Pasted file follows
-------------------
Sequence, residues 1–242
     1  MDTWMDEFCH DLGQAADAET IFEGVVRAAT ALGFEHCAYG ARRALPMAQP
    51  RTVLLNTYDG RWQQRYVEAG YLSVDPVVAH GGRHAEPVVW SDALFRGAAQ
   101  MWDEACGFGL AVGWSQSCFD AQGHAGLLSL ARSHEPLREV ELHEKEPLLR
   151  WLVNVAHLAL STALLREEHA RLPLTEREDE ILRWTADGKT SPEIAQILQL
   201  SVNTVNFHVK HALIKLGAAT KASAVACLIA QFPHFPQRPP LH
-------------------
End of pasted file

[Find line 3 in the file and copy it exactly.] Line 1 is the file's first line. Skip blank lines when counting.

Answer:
    51  RTVLLNTYDG RWQQRYVEAG YLSVDPVVAH GGRHAEPVVW SDALFRGAAQ